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wrx
05-03-2011, 05:38 AM
Hi,

I do my first steps for local memory working and try to begin with this global memory working code :
datas : a={0,1,2,3,....}, b={0,3,6,9,.....}




__kernel void localTest(__global const unsigned char *a,
__global const unsigned char *b,
__global unsigned char *c)
{
int x = get_global_id(0);
c[x] = a[x]+ b[x];
}


, where it's OK. (c={0,4,8,12,...})

The following code generates wrong value :


#define TILE_DIM 16

__kernel void localTest(__global const unsigned char *a,
__global const unsigned char *b,
__global unsigned char *c)
{
int x = get_global_id(0);

__local unsigned char localTemp[2];

localTemp[0] = a[x]; //(*)
localTemp[1] = b[x]; //(**)

c[x] = localTemp[0] + localTemp[1];
}


If I only comment (**) and do (c[x]=localTemp[0];), values are correct,(c={0,1,2,3,...})
if I only comment (*) and do (c[x]=localTemp[1];), values are correct too.(c={0,3,6,9,...})
But the code above give : (c={15,18,21,24,...})

Can you help me to resolve this issue?
Thanks in advance.

david.garcia
05-03-2011, 09:50 AM
Local memory is shared across all work-items in a work-group. Right now with that code, all work-items are fighting to read and write into the same localTemp[0] and localTemp[1].

I suggest looking at some examples like convolution using local memory.

wrx
05-04-2011, 01:08 AM
I'll do that but some are already complex for begin :
http://developer.download.nvidia.com/compute/cuda/3_0/sdk/website/OpenCL/website/samples.html

I "find" how to do work my little code :



#define TILE_DIM 16

__kernel void localTest(__global const unsigned char *a,
__global const unsigned char *b,
__global unsigned char *c)
{
int x = get_global_id(0);
int lx = get_local_id(0);

__local unsigned char localTemp1[TILE_DIM];
__local unsigned char localTemp2[TILE_DIM];

localTemp1[lx] = a[x];
localTemp2[lx] = b[x];

c[x] = localTemp1[lx] + localTemp2[lx];
}

, but I ask me if it's the good way to do, I mean create 2 local array? And, of course, it's not my goal to do work this code.

If I can, let me ask some questions :
1 - Does work with local memory means (always or not) work with group size, group id? For the example above , 'a' or 'b' array is much bigger then local arrays (max local memory size), how to manage it? "Max group size" by "max group size" data processing on local memory?
2 - Does a[x+TILE_DIM] not trying to write to same location localTemp1[lx], but it seems like it work ?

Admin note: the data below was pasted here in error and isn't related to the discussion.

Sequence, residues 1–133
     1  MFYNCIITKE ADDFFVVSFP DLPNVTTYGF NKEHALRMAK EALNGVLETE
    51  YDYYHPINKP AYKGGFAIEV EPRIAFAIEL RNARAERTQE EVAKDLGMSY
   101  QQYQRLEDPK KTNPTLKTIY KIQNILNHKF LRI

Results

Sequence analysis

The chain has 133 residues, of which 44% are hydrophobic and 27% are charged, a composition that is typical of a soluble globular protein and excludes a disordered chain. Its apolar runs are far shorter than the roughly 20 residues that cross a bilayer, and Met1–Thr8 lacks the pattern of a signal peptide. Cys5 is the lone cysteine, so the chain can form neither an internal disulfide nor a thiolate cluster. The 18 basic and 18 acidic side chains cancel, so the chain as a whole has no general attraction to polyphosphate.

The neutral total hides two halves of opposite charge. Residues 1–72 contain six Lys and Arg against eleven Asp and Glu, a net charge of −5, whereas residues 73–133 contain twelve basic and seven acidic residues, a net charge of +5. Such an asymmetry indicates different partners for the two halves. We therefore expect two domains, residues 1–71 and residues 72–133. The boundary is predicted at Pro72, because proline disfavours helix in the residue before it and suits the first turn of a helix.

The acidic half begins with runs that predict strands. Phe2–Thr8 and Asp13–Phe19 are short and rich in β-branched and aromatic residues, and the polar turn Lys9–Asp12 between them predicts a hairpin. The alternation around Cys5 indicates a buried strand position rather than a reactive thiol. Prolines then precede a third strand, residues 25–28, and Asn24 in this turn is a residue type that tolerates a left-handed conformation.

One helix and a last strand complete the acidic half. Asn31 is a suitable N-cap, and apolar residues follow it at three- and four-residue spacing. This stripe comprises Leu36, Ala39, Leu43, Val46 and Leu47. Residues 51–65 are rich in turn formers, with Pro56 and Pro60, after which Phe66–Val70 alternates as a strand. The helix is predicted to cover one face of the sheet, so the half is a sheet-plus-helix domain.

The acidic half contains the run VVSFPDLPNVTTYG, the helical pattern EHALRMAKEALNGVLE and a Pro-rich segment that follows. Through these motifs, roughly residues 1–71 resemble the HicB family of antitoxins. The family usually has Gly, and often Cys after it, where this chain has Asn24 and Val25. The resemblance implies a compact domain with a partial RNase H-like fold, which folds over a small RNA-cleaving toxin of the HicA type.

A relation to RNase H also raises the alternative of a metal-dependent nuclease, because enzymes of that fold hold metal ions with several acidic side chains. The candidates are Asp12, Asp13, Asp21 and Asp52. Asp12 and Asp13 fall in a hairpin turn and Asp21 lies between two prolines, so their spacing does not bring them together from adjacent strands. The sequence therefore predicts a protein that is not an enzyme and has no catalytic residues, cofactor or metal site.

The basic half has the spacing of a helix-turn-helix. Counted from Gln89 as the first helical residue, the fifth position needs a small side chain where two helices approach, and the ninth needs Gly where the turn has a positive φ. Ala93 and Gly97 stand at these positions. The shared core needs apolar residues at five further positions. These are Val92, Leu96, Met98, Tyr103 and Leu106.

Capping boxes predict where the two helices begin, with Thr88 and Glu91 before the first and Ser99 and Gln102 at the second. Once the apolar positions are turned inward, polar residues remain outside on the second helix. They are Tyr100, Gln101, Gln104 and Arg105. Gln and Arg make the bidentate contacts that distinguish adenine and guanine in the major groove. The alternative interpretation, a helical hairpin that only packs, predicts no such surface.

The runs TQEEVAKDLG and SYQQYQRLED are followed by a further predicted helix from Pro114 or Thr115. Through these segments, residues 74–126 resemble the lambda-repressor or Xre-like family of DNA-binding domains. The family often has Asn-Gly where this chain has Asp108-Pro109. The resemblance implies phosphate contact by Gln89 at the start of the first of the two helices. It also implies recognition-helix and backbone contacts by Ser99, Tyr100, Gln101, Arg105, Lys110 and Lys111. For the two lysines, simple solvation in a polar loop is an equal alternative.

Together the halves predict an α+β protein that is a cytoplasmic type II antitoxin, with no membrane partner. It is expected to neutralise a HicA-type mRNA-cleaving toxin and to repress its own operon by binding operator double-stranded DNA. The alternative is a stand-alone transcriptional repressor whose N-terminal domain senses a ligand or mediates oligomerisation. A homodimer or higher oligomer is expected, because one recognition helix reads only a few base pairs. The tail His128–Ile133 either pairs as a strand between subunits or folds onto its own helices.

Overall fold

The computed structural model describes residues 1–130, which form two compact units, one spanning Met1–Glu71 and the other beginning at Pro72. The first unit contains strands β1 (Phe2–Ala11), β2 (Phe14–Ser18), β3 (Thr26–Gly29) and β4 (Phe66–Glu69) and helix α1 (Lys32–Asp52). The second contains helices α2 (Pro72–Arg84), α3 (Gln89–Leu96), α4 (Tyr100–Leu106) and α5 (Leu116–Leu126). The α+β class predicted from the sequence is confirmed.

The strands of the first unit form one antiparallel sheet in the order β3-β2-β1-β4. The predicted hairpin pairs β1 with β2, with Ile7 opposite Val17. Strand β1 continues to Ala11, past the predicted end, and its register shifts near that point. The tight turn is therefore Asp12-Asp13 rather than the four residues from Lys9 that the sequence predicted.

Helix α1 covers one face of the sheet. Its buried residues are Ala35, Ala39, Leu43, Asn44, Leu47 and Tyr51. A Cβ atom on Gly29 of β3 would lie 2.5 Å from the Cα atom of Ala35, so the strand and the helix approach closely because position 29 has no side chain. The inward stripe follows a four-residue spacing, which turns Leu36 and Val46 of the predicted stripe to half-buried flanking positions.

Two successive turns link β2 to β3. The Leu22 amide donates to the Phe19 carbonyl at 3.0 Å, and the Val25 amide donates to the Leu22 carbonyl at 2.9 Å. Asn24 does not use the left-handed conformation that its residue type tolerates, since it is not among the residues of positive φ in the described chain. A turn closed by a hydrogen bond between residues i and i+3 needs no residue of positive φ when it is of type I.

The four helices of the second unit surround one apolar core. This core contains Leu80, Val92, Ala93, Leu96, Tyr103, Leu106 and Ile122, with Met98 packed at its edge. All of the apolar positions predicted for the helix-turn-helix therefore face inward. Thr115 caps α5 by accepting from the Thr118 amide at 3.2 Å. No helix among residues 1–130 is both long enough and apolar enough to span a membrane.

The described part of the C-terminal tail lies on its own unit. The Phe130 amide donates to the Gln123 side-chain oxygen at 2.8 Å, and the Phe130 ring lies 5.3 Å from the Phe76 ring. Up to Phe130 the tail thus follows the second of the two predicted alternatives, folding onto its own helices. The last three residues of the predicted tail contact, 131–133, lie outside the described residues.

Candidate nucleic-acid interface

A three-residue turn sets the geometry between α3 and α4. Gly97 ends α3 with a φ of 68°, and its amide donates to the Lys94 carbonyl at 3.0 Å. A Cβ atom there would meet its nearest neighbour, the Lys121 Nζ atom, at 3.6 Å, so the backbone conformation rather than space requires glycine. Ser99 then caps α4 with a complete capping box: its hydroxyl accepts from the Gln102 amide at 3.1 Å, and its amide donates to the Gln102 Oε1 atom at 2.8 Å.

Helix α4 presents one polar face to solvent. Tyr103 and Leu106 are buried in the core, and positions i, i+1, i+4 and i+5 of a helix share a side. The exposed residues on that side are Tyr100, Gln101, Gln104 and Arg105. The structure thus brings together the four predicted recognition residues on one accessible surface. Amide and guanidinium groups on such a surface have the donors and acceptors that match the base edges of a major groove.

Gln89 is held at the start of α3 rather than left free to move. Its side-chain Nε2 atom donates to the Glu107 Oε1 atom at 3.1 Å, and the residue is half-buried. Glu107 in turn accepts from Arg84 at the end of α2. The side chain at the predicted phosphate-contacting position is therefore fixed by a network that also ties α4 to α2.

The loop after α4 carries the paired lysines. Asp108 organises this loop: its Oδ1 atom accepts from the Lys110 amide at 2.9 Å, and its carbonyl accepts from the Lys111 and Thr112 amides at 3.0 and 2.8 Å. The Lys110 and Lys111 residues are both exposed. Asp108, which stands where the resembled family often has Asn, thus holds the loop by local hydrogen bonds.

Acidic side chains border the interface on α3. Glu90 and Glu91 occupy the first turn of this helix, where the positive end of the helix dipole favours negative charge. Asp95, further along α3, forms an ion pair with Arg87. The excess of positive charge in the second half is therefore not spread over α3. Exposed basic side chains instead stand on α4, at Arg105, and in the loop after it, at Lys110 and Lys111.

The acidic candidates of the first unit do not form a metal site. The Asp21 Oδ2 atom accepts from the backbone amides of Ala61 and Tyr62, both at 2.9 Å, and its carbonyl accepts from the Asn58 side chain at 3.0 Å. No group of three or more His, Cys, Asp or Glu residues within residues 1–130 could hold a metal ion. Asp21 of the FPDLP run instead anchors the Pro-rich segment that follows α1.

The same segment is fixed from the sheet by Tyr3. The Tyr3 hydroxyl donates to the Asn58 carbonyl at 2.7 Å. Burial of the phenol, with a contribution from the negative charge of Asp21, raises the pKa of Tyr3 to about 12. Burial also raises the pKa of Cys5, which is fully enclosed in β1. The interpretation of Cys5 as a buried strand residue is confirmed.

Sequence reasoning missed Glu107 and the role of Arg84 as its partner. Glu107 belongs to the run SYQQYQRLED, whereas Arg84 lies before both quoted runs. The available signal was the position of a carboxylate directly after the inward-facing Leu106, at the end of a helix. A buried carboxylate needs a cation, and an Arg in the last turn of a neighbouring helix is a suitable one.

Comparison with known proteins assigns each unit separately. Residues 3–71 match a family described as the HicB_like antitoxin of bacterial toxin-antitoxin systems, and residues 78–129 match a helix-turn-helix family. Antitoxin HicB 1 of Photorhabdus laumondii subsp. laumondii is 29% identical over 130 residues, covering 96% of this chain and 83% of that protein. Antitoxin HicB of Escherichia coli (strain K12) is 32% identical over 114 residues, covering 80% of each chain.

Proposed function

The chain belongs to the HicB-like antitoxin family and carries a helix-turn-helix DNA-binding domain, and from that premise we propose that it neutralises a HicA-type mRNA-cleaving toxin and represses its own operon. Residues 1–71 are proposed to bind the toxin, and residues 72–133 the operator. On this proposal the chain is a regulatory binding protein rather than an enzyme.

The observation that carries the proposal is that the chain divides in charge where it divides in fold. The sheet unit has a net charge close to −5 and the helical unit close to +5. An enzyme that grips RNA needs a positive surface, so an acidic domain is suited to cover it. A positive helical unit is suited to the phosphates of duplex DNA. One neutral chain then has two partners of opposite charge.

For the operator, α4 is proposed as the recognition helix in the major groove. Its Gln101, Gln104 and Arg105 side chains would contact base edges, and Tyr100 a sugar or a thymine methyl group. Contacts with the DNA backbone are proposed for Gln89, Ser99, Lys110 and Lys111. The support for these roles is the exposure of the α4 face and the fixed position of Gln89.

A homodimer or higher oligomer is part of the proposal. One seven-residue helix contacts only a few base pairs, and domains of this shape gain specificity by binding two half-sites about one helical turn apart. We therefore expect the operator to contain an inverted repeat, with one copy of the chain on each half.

Thanks.

david.garcia
05-04-2011, 04:52 AM
Right. I should have provided some more info. The way you are doing it now looks good. Yes, the code looks good with two arrays since the data comes from two different places. You could put all the data into a single array, but it would not help.


Does work with local memory means (always or not) work with group size, group id? For the example above , 'a' or 'b' array is much bigger then local arrays (max local memory size), how to manage it? "Max group size" by "max group size" data processing on local memory?

The main idea with local memory is this: if you know that many work-items in the same work-group are going to read from the same locations in global memory, then put that data into local memory and read from there instead. Even though you pay the cost of copying data from global to local, it can be a big win if it saves you from having to read from global memory many times.

Of course, local memory is much smaller than global memory, so you have to divide the work into pieces. Each work-group reads a small piece of data (some KB) from global memory into local memory, does some operations using that local memory and finally writes the result out.

Do you remember the "local_work_size" parameter to clEnqueueNDRangeKernel() (http://www.khronos.org/registry/cl/sdk/1.1/docs/man/xhtml/clEnqueueNDRangeKernel.html)? It's very useful when your kernel uses local memory. In your example, you want local_work_size to be the same as TILE_DIM, so that work-size and local memory variables always match.

Notice that in your example where you are adding two vectors together, local memory cannot improve performance because each work-item reads from two different places and writes into one. There's no overlap between work-items, so there's no benefit from local memory.


Does a[x+TILE_DIM] not trying to write to same location localTemp1[lx], but it seems like it work ?

Yes, you could do everything with a single variable but for what purpose? The code would look like this:



#define TILE_DIM 16

__kernel void localTest(__global const unsigned char *a,
__global const unsigned char *b,
__global unsigned char *c)
{
int x = get_global_id(0);